499. REVISION. Huving gone thro', briefly, with the major passions, and given illustrations of each, before dismissing these important subjects, it may be useful to present the minor ones; occasionally alluding to the prinSipaions. The ac. companying engraVing represents. calm ort.tude, discretion, benevolence, goodness.and nobility. Admira

tion may also be combined with amazement: surprise, (which sign fes-taken on a sudden.) may, for a moment, startle: astonishment may stupefy, and cause an entire suspension of the inculties; but AMAZEMENT has also a mixture of perturbation; as the word means to be in a maze, so as not to be able to collect one's self: there is no mind that may not, at times, be thrown into amazement at the awful dispensations of Providence.


Remember March, the ides of MARCH remember!
Did not great Julius-bleed for JUSTICE' sake?
What villain touch'd his body,-that did stab,
And not for justice?
What! shall one of us,

That struck the foremost man-of all this world,
But for supporting robbers, shall we-now-
Contaminate our fingers with base bribes?
And sell the mighty space of our large honors,
For so much trash-as may be grasped thus?
I had rather be a dog, and bay the moon,
Than such a Roman.

Aneedote. Ethelwold, bishop of Winchester, in king Edgar's time, sold the gold and silver vessels belonging to the church, to relieve the poor, during a famine, saying: "There is no reason, that the senseless temples of God, should abound in riches, while his luring temples ware perishing with hunger.”


O happy they the happiest of their kind!
Whom gentle stars unite, and in one fate
Their hearts, their fortunes, and their beings blend.
Tis not the coarser tie-of human laws,
Unnatural oft, and foreign to the mind,
That binds their peace, but harmony itself,
Attuning all their passions into love;

Where friendship-fall, exerts her softest power,
Perfect esteem, enliven'd by desire
Ineffable, and sympathy of soul;

Thought, meeting thought, and veill preventing voill,
With boundless confidence: for nought but love
Can answer love, and render bliss secure.

Merit-seldom shows
Itself-bedecked in tinsel, or fine clothes;
But, hermit-like, 'tis oft'ner us'd to fly,
And hide its beauties-in obscurity.
For places in the court, are but like beds-
In the hospital; where this man's head-lies
At that man's foot, and so, tower and lower.

Laconics. 1. The idle-often delay till tomorrow, what ought to be done to-day. 2. Science is the scribe, and theology the interpreter of God's works. 3. Regret is unavailing, when a debt is contracted; tho' a little prudence, might have prevented its being incurred. 4. A loud, or vehement mode of delivery, accompanied by a haughty action, may render an expression highly offensive; but which would be perfectly harmless, if pronounced properly. 5. Dishonesty chooses the most expeditious route; virtue the right one, though it be more circuitous. 6. Is the soul a mere vapor, a something without either essence or form? 7. Impressions, firmly fixed in the mind, and long cherished, are erased with great difficulty; how important, then, they should be good ones.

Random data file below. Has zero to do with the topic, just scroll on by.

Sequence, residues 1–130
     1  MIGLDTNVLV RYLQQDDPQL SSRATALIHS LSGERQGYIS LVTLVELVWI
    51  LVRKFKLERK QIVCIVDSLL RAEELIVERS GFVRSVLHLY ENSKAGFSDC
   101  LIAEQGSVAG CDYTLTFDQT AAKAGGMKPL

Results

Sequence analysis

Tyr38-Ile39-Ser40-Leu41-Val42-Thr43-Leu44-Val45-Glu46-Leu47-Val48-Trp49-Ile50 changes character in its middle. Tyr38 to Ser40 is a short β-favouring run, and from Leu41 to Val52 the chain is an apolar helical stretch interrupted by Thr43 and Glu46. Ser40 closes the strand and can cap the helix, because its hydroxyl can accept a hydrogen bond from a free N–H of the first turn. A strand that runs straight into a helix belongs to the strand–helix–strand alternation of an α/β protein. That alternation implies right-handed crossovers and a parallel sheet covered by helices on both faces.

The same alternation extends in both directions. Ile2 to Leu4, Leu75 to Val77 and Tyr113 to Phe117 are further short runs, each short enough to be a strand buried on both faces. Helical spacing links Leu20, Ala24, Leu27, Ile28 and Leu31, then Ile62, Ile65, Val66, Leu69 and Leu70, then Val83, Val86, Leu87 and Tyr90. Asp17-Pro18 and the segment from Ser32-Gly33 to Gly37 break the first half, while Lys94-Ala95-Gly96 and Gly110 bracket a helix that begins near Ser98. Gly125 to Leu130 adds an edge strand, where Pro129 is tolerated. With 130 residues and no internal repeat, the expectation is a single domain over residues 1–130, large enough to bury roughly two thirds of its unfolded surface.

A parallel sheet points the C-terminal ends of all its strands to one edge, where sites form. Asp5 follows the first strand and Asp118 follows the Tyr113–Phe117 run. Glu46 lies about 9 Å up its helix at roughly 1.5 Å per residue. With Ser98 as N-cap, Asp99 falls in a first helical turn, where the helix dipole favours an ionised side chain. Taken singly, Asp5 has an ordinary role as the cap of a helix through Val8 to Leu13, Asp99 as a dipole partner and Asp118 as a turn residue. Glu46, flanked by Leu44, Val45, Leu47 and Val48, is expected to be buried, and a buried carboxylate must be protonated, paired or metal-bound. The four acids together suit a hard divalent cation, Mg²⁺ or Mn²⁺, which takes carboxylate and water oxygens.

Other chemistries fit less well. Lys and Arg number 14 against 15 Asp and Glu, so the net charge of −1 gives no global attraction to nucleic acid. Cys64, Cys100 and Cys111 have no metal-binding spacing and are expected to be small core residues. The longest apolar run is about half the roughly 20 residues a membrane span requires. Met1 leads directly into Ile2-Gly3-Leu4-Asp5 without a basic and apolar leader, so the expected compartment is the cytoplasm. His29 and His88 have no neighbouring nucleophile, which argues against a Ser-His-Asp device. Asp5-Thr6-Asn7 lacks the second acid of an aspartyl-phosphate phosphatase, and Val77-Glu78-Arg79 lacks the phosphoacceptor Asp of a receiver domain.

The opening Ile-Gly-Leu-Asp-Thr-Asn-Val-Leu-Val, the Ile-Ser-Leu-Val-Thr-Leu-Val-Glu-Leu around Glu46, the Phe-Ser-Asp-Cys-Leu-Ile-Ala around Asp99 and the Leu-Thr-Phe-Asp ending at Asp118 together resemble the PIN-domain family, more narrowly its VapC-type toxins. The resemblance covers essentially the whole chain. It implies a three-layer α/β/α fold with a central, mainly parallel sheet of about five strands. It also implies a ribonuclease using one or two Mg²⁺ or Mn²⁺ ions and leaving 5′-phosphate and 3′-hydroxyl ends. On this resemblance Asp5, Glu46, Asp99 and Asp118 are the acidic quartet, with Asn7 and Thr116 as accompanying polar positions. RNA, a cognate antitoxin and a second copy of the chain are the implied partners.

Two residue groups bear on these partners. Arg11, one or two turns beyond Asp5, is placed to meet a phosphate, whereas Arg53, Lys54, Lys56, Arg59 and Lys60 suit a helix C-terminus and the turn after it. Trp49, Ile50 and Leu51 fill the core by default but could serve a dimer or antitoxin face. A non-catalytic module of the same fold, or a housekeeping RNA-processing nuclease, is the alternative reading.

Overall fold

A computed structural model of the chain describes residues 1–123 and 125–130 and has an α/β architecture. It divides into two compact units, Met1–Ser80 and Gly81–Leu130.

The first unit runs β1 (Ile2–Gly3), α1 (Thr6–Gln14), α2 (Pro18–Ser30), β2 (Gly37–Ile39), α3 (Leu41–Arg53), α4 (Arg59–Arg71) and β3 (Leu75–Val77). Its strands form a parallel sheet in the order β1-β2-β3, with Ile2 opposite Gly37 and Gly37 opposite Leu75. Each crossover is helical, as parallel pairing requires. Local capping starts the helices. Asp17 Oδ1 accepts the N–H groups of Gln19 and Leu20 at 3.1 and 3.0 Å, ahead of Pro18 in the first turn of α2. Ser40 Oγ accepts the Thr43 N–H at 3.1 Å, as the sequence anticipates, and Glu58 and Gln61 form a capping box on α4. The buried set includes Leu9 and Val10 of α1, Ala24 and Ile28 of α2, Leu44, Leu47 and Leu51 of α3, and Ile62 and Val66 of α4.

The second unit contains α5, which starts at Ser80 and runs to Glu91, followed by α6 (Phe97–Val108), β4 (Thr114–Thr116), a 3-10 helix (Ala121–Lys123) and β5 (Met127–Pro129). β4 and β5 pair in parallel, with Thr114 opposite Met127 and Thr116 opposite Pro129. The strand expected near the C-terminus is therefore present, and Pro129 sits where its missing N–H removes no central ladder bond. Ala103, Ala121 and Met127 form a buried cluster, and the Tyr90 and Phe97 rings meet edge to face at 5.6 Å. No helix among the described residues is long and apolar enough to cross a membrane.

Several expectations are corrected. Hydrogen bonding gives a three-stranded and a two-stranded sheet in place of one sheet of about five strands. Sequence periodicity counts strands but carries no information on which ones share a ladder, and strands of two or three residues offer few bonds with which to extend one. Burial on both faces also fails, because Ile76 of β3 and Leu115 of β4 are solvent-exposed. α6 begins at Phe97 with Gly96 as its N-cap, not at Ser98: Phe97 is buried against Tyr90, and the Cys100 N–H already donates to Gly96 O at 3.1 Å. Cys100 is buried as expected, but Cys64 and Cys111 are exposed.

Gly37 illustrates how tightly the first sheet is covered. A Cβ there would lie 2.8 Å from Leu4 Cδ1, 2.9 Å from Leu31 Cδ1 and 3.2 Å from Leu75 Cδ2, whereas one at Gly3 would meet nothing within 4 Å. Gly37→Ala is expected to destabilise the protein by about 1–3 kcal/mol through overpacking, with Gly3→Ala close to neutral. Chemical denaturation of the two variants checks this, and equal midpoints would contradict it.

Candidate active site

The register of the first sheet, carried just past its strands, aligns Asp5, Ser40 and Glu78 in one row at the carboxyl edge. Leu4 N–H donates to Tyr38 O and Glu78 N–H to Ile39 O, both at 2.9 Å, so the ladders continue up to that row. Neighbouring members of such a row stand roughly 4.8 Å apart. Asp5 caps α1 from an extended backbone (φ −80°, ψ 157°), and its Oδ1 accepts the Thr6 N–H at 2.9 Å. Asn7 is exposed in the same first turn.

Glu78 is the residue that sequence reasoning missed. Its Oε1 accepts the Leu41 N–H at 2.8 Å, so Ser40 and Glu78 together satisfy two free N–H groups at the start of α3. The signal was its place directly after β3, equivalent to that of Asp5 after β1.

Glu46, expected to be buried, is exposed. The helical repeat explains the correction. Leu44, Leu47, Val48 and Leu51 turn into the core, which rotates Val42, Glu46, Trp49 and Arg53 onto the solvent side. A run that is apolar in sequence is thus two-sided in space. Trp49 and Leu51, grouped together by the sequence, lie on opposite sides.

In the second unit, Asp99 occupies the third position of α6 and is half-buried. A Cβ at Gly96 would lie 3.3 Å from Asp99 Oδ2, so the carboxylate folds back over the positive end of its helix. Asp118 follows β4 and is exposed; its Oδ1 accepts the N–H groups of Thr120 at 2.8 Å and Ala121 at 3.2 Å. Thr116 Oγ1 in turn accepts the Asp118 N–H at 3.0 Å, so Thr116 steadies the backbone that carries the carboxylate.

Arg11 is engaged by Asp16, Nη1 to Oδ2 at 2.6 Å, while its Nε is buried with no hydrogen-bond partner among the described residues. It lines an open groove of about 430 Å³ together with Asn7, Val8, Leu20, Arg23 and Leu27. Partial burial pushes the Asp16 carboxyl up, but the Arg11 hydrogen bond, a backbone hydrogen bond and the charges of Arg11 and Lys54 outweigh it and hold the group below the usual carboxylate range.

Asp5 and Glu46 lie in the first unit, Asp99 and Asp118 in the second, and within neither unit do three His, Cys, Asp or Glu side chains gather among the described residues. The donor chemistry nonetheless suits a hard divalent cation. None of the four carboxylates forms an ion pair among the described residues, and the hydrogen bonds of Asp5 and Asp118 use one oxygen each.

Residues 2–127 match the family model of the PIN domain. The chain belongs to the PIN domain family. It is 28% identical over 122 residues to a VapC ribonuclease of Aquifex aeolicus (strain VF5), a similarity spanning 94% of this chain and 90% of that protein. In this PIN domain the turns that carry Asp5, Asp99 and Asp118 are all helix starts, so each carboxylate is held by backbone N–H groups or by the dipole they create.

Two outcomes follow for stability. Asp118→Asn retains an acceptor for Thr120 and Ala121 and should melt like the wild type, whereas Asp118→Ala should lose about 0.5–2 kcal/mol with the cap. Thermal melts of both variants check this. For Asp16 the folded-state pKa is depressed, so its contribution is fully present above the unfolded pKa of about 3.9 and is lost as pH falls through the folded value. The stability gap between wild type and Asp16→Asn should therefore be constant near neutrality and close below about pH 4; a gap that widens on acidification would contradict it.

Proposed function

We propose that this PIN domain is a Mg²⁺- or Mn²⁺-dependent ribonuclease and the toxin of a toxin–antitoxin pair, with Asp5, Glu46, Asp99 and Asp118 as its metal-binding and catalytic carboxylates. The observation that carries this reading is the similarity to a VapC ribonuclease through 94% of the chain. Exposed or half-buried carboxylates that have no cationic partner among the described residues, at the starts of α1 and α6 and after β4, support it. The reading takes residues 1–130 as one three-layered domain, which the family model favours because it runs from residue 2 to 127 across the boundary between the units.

Difficulty-is a severe instructor, set over us by the supreme ordinance of a parental guardian and legislator, who knows us better than we know ourselves, and he loves us better too. He, that wrestles with us, strengthens our nerves, and sharpens our skill. Our antagonist is our helper. This amicable conflict with difficulty obliges us to an intimate acquaintance with our object, and compels us

to consider it in all its relations. It will not suffer us to be superficial.



Sleep-seldom visits sorrow;
When it does, it is a comforter.
Why, on that brow, dwell sorrow and dismay,
Where loves were wont to sport, and smiles to play'
With equal mind, what happens, let us hear,

Nor joy, nor grieve too much, for things beyond our care.
Thus, my fleeting days, at last,
Unheeded, silently are passed,
Calmly-shall I resign my breath,
In life-unknown,-forgot-in death.
Love-never reasons, but profusely gives;
Gives, like a thoughtless prodigal, its all,
And trembles then, lest it has done too little.
Tho' all seems lost, 'tis impious-to despair;
The tracks of Providence-like rivers-wind.
Why shrinks the soul

Back on herself, and startles at destruction?
Tis the Divinity--that surs within us.
Still raise--for good-the supplicating voice,
But leave to HEAVEN the measure, and the choice,
Safe in His power, whose eye discerns afar
The secret ambush of a specious prayer.

| Implore His aid; in His decisions rest;
Secure-whate'er He gives, he gives the best.
Yet, when the sense of sacred presence fires,
And strong devotion-to the skies aspires,
Pour forth thy ferrors for a healthful mind,
Obedient passions, and a will resigned;
For lore, which scarce collective man can Eli
For patience, sovereign o'er transmuted ill;
For faith, that, panting for a happier seat,
Counts death-kind nature's signal of retreat:
These goods-for man-the laws of heaven ordain,
These goods He grants, who grants the power to
With these celestial wisdom calms the mind. [gain,
And makes the happiness-she does not find.
Call it diversion, and the pill goes down.

500. Arguing requires a cool, sedate, atten- Laconics. 1. To know-is one thing, to do, tive aspect, and a close, slow, and emphatical is another. 2. Consider what is said, rather than accent, with much demonstration by the hand;